A doctors’ group has expressed reservations about a government proposal to add four lay members to the Medical Council of Hong Kong (MCHK).
The Hong Kong Medical Association said on Sunday that it fears bringing in more non-medical members will jeopardize the council’s professional autonomy.
The objection came as the Legislative Council is set to hold a public hearing on Tuesday on the government’s proposals to amend the Medical Registration Ordinance, under which the MCHK is mandated to investigate complaints and hold disciplinary inquiries into medical practitioners in the city.
One of the proposals is to increase the lay members from four to eight in MCHK, with three of the new ones to be elected by patient groups and one appointed by the Consumer Council.
If the proposals are approved, lay representation in the council will increase from 14 percent to 25 percent.
The Food and Health Bureau said its proposals, which come as part of broader Medical Council reform, are aimed at enhancing the transparency, accountability and credibility of MCHK.
However, the Medical Association said a survey of its 2,088 doctor members shows 80 percent of the doctors are opposed to the proposed reform, Ming Pao Daily reports.
According to the survey, which was conducted between March and June, 65 percent of the respondents will support a protest if the proposal is tabled for deliberation and voting in the Legco.
More than 60 percent want the two seats occupied by the Hong Kong Academy of Medicine to be selected through election instead of appointment.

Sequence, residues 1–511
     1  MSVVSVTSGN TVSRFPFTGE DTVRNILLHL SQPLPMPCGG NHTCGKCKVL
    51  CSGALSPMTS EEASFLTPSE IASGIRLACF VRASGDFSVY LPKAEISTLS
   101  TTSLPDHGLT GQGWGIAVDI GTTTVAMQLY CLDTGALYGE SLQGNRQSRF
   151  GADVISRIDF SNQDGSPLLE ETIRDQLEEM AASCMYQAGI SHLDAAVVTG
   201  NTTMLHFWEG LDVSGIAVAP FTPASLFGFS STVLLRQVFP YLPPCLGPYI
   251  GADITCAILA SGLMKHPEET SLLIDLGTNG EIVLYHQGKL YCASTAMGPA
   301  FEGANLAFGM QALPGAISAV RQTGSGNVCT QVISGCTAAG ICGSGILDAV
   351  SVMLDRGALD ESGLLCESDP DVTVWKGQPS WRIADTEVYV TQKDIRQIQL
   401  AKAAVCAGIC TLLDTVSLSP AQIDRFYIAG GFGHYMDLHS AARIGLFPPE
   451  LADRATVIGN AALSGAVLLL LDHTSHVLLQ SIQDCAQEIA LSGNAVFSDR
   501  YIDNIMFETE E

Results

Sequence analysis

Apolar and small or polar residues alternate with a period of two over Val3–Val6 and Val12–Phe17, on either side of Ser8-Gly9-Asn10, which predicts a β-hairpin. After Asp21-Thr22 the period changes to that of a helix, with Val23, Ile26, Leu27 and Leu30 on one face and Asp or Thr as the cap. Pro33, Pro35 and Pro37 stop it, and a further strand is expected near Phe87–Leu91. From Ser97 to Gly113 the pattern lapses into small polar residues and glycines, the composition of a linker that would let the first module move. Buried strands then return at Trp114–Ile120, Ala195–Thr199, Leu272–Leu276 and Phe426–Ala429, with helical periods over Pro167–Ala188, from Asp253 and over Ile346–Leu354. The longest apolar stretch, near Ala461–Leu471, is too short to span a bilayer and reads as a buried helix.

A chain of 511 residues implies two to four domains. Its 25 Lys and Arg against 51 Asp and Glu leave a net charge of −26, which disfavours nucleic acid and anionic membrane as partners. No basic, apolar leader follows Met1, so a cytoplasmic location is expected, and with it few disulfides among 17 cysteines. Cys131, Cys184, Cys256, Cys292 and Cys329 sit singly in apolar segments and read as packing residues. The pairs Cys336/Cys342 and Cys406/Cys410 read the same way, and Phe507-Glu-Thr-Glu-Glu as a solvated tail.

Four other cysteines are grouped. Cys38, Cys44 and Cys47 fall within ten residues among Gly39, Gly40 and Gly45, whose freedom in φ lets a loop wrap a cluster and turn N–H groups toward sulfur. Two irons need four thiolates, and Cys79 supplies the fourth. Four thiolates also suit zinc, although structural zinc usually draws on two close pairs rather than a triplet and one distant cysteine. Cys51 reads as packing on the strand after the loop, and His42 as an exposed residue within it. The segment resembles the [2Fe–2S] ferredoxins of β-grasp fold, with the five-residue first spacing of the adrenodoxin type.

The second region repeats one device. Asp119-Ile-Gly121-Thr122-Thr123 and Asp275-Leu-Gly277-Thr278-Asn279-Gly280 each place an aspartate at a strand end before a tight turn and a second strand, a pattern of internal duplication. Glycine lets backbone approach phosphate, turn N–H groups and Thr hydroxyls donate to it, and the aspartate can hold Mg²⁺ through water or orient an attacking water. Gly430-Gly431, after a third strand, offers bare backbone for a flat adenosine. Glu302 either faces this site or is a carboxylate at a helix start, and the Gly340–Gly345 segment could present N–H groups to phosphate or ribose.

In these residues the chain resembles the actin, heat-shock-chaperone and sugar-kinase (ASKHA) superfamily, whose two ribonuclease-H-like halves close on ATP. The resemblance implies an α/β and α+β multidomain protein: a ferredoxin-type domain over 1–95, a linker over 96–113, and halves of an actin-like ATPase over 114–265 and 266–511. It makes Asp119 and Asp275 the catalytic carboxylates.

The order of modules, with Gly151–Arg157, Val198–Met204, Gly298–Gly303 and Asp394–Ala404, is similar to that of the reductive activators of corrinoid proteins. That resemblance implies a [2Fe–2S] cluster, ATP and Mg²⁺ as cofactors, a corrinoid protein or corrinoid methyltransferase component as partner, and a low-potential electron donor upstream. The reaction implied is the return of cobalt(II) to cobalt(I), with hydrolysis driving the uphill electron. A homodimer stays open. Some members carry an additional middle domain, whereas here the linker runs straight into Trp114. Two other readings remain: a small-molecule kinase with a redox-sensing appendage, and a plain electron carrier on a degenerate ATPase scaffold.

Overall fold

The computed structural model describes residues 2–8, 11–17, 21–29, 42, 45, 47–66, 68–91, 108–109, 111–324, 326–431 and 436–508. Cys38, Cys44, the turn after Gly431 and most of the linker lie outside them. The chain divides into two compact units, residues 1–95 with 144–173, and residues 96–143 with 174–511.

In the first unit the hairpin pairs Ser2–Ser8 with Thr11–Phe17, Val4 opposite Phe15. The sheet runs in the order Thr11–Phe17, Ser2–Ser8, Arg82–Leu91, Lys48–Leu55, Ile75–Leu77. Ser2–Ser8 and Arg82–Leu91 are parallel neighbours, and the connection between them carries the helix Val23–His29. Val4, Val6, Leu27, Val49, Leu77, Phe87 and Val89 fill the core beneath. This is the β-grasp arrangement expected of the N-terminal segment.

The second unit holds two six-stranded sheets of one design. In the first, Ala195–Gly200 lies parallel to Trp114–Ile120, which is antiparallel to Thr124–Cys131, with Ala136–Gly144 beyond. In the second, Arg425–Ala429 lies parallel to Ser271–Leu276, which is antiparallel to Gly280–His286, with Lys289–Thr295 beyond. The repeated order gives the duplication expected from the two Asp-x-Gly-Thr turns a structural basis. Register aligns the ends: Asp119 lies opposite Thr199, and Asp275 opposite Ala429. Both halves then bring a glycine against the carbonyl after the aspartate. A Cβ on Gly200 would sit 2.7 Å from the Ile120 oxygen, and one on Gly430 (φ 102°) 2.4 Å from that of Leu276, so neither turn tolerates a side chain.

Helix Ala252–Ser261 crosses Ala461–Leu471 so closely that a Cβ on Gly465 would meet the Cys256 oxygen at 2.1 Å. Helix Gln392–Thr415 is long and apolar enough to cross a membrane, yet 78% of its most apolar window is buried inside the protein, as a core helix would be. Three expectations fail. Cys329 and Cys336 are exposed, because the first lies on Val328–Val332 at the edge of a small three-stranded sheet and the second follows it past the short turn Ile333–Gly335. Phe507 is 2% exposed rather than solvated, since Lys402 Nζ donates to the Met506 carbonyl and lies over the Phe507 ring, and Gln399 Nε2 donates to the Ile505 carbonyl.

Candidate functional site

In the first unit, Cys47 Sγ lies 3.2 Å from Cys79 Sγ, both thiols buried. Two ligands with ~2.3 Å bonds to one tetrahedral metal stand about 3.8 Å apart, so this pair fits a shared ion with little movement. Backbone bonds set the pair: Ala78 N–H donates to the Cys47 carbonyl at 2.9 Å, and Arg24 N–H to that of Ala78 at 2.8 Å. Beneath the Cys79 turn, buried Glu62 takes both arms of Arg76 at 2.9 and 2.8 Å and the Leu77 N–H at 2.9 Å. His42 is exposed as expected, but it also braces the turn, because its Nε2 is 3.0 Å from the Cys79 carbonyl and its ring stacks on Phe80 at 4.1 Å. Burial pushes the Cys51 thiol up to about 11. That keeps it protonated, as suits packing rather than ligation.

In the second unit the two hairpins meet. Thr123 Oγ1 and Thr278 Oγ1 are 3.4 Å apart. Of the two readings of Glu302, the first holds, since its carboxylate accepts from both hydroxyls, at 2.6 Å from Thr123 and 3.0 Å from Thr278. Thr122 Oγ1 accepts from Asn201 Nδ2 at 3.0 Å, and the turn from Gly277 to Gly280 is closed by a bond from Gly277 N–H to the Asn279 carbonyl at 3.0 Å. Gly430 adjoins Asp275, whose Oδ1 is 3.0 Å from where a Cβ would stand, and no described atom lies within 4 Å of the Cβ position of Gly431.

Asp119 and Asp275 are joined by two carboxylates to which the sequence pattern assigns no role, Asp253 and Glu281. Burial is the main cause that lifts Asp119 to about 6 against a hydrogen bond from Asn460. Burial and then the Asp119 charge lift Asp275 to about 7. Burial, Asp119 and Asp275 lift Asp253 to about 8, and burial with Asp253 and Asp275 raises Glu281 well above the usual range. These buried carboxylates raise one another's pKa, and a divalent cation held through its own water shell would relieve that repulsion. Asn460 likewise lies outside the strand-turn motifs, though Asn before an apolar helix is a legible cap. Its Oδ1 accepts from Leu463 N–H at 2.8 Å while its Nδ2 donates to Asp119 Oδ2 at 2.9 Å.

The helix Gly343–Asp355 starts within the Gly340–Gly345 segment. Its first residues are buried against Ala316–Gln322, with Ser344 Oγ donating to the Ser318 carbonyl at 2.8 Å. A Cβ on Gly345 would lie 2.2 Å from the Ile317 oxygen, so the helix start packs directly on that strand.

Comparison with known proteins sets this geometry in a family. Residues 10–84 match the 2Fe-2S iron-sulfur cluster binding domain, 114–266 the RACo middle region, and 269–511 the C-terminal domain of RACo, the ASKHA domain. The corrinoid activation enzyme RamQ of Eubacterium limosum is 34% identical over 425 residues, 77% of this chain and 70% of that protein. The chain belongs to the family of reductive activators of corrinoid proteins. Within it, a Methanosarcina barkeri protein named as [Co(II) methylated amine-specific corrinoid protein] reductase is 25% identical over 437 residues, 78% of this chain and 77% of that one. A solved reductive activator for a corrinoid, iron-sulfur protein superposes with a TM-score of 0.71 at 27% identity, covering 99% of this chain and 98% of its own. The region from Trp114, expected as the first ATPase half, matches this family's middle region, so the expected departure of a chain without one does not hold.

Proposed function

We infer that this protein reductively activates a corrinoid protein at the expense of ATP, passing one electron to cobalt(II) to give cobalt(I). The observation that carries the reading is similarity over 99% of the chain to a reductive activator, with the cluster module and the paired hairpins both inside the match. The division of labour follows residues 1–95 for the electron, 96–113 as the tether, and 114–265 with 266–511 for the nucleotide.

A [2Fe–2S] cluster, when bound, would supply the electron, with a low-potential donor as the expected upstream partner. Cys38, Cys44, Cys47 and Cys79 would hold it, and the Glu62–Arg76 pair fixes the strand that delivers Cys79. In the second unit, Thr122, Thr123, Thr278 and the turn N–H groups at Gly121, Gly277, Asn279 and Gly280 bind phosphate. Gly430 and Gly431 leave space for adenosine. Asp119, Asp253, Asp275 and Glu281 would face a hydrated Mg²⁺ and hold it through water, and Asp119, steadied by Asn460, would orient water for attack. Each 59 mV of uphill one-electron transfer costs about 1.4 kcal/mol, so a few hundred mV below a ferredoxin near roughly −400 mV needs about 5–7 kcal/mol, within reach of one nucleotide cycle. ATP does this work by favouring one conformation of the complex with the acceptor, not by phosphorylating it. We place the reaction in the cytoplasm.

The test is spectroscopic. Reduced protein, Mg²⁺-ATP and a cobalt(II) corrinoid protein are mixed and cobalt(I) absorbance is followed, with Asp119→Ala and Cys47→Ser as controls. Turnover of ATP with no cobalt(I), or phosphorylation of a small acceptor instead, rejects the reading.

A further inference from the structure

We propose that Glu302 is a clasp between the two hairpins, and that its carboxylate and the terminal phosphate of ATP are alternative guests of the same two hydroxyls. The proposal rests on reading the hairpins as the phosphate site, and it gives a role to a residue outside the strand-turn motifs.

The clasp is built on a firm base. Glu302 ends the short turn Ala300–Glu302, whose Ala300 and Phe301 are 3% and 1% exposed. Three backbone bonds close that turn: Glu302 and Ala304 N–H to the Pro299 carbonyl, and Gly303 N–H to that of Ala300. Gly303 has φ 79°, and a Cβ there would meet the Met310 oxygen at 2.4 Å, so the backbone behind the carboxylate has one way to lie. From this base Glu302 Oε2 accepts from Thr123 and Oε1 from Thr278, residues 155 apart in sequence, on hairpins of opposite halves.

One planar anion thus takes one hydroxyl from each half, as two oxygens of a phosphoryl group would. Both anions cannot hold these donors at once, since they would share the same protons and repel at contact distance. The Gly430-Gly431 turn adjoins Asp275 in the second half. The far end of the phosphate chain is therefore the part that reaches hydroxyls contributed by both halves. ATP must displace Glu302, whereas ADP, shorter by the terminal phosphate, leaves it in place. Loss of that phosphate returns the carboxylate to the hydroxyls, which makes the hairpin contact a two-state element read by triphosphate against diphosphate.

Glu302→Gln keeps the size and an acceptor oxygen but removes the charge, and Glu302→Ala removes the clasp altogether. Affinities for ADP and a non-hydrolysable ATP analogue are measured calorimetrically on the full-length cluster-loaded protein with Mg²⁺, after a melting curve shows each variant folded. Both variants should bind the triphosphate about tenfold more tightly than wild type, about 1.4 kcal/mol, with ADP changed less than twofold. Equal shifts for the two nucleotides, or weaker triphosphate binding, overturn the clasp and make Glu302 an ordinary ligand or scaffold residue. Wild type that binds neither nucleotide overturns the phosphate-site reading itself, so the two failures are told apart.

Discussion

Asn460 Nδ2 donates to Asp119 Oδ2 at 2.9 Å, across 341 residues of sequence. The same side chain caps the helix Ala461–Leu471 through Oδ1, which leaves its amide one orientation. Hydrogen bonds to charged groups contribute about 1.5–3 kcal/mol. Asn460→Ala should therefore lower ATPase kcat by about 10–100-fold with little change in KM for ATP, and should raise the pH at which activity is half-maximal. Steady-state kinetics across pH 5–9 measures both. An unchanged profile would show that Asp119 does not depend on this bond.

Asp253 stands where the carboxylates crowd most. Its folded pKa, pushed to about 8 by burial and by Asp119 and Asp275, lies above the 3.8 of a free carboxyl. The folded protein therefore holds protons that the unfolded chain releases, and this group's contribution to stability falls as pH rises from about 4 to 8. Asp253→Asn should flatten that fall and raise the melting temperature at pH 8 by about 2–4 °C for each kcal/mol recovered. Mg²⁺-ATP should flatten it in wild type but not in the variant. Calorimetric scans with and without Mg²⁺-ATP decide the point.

But the Patients’ Rights Association claimed the survey cannot represent all doctors, as its valid response rate was only about 15 percent, the Hong Kong Economic Journal reports.
Tim Pang Hung-cheong, the patient group’s convener, said its own survey shows 64 percent of the 1,251 respondents agreed to increasing lay representation in MCHK.
Pang criticized the medical professionals for deviating from the mainstream opinion in society.
Dr. Gabriel Choi Kin, president of the Medical Association, meanwhile criticized patient groups, saying they are ill-informed, Apple Daily reports.
Choi said the association will have a meeting with Secretary for Food and Health Sophia Chan to discuss the issue.
Former health secretary Dr. Ko Wing-man, who pushed for the reforms during his term, told a radio program on Sunday that he believes the inclusion of more lay members in MCHK is acceptable.
He urged lawmakers not to use extreme measures to block the reform proposals that allow more public participation in monitoring doctors.
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